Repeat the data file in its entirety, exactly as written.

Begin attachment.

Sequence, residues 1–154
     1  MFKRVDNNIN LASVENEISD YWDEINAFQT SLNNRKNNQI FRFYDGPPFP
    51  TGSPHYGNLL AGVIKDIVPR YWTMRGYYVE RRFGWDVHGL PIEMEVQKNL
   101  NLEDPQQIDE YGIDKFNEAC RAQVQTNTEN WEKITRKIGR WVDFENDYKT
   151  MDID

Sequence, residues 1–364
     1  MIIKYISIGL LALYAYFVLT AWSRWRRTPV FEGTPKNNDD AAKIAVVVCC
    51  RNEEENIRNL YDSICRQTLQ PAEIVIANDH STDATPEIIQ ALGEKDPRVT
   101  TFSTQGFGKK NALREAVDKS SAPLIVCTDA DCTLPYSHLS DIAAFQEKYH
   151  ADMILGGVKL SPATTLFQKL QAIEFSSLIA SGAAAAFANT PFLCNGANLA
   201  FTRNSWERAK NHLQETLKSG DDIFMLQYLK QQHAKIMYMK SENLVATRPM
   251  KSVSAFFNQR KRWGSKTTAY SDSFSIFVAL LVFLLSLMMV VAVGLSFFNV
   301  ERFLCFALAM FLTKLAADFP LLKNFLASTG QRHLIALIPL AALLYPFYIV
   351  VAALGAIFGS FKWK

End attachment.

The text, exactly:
Sequence, residues 1–154
     1  MFKRVDNNIN LASVENEISD YWDEINAFQT SLNNRKNNQI FRFYDGPPFP
    51  TGSPHYGNLL AGVIKDIVPR YWTMRGYYVE RRFGWDVHGL PIEMEVQKNL
   101  NLEDPQQIDE YGIDKFNEAC RAQVQTNTEN WEKITRKIGR WVDFENDYKT
   151  MDID

Sequence, residues 1–364
     1  MIIKYISIGL LALYAYFVLT AWSRWRRTPV FEGTPKNNDD AAKIAVVVCC
    51  RNEEENIRNL YDSICRQTLQ PAEIVIANDH STDATPEIIQ ALGEKDPRVT
   101  TFSTQGFGKK NALREAVDKS SAPLIVCTDA DCTLPYSHLS DIAAFQEKYH
   151  ADMILGGVKL SPATTLFQKL QAIEFSSLIA SGAAAAFANT PFLCNGANLA
   201  FTRNSWERAK NHLQETLKSG DDIFMLQYLK QQHAKIMYMK SENLVATRPM
   251  KSVSAFFNQR KRWGSKTTAY SDSFSIFVAL LVFLLSLMMV VAVGLSFFNV
   301  ERFLCFALAM FLTKLAADFP LLKNFLASTG QRHLIALIPL AALLYPFYIV
   351  VAALGAIFGS FKWK